As long as people have been forming communities, people have been paying taxes. In fact, taxes are an essential component of any thriving civilization. Taxes provide the lifeblood of any developed civilization. Without them, we would lack roads and bridges, public schools, police forces and fire departments, national defense programs, and public health services.
United States history is filled with strong connections to taxing practices. Much of the American Revolution was driven by taxing practices. After all, who can forget the Boston Tea Party? An event that lives in infamy for its rebellious spirit—an event that occurred due to the simple fact that there was an unsupported tax that the American people did not want to pay.
A Look at our Taxable History
The United States as we know it today exists on three levels: federal, state, and local. American pay taxes at all three levels. We pay taxes on income, payroll, property, sales, and estates and gifts. Benjamin Franklin said that “nothing is certain but death and taxes.” And guess what? There’s a tax even on death.
In return for Americans paying their dues, however, the US has one of the greatest national defense systems in the world, beautiful national parks, a generous “safety net” for financially disadvantaged citizens, Social Security, a social insurance system, and a first-rate infrastructure that includes miles and miles of paved highways, expansive bridges, and roads that lead into the most remote of places.
It’s hard to believe that at the very beginning of United States history, citizens really only paid import taxes known as “tariffs.” As the United States has grown in size and population, the tax system has expanded to accommodate a thriving, first-world civilization. There have been taxes since the beginning of our country, and people have been fighting about them ever since.
No Taxation without Representation!
In the 1700s, English parliament imposed a series of tax laws on American colonists. Colonists felt this was unjust as American were not represented in parliament. The Tea Act of 1773 was the last straw. The Tea Act allowed the failing British East India Company to export tea duty-free to the colonists; however, the colonists were still required to pay taxes carried out by the unpopular Townshend Revenue Act of 1967. Colonists protested by dumping the arriving tea into the Boston Harbor, instigating the American Revolution.
The Dawn of the American Tax System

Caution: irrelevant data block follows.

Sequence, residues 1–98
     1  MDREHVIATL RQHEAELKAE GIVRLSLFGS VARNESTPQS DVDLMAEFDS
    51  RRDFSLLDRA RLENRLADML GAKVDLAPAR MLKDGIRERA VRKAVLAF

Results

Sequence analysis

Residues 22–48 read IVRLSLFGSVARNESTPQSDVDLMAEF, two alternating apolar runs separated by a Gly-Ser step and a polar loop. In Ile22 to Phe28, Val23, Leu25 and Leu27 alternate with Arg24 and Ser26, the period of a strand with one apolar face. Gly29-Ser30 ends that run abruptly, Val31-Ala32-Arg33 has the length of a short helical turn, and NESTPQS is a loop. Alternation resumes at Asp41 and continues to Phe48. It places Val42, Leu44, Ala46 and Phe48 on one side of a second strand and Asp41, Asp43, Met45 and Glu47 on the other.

Before there were income taxes, there were tariffs. The first tariff was one of the first major actions taken by Congress. Enacted in 1789, it worked to raise revenues for the country’s new governments by placing a tariff on imported goods. Subsequent protective tariffs were implemented to help Americans compete with cheap foreign imports, broadening industry within the nation.
During the Civil War there was the Revenue Act of 1861, which created a tax on all personal incomes to support the war effort. Ten years later the tax was repealed. Without a war to pay for there was a lack of consensus about the need for paying taxes. Of course, at this point in American history the US was still rather fragmented, and much of the transportation resources—from roadways to steamships to train tracks—were funded privately, or not funded at all and left in a state of disarray (think of an overgrown dirt road).
The United States Start Paying Taxes on Income
A big change came in 1909, when the 16th Amendment was passed by Congress. Ratified in 1913, a tax on income was instituted for the first time in the United States. In the grand scheme of things, that is actually pretty recent! This puts our constitutional guidelines on taxation as recent as World War I, which started in 1914. Over the years, various types of taxes on all levels have been instituted and repealed numerous times.
2016 Presidential hopefuls have brought to life the call for a “flat tax,” which is basically the idea that everyone is taxed an equal amount, regardless of income level. This is actually not a new idea at all! In 1894, Congress enacted a flat rate Federal income tax, which was repealed the following year when it was found unconstitutional by the US Supreme Court. The Amendment in 1913 was the first to allow the Federal Government to tax each state, without regard to state population levels.
How to Pay Your Due without Paying too Much
The taxes that you pay at the end of the year are part of a grand history of American financial progress. While it might sometimes feel like that tax payment goes off into a void of lost funds, taxes are crucial to our society’s ability to function. Of course, no one should pay more than they can afford, or that they are required to. That is why you want to partner with a strong accountant who can help you make heads and tails of your tax bill every year.
A good accountant understands the rather thick and complicated U.S. tax system. He or she can help you budget for taxes, deduct expenses you may not have realized were deductible, minimize liabilities, and help you stay within the law while paying the least amount of tax.
Whether you view taxes as a necessary evil or a point of American pride, paying taxes is something all Americans have in common, from past to present. No one particular enjoys handing over that check come April 15th, but know this: the next time you take a leisurely walk through the park or see the police helping a citizen in need, you helped pay for it.